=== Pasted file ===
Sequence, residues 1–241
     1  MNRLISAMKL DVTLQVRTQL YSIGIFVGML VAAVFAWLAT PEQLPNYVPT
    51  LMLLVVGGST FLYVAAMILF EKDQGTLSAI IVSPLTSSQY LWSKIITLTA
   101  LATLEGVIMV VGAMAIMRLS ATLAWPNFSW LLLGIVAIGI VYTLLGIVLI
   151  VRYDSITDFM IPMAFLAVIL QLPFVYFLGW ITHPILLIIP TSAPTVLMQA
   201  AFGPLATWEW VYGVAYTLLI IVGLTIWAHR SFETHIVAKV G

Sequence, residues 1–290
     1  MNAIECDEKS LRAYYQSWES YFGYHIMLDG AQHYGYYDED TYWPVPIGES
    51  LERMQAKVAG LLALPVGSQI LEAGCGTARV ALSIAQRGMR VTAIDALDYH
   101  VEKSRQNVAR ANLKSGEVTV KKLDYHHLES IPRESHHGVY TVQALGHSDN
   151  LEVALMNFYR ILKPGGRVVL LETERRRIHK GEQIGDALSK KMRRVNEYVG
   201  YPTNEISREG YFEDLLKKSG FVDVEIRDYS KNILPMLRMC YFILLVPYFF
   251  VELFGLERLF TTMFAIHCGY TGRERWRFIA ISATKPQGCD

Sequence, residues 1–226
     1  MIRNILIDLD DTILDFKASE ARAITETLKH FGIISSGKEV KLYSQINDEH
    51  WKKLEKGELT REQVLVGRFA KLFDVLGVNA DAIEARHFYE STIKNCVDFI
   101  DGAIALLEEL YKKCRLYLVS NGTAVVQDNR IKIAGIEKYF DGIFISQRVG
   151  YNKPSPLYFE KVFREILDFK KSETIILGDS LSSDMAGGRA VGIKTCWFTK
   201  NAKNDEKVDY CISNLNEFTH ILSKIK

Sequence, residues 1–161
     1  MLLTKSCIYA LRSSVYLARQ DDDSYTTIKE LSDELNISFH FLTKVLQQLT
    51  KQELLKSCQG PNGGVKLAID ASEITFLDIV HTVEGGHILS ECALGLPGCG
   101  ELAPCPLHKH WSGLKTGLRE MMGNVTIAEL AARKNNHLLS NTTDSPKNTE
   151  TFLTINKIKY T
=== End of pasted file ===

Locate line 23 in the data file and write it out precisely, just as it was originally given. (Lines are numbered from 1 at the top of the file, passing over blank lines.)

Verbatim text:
   101  ELAPCPLHKH WSGLKTGLRE MMGNVTIAEL AARKNNHLLS NTTDSPKNTE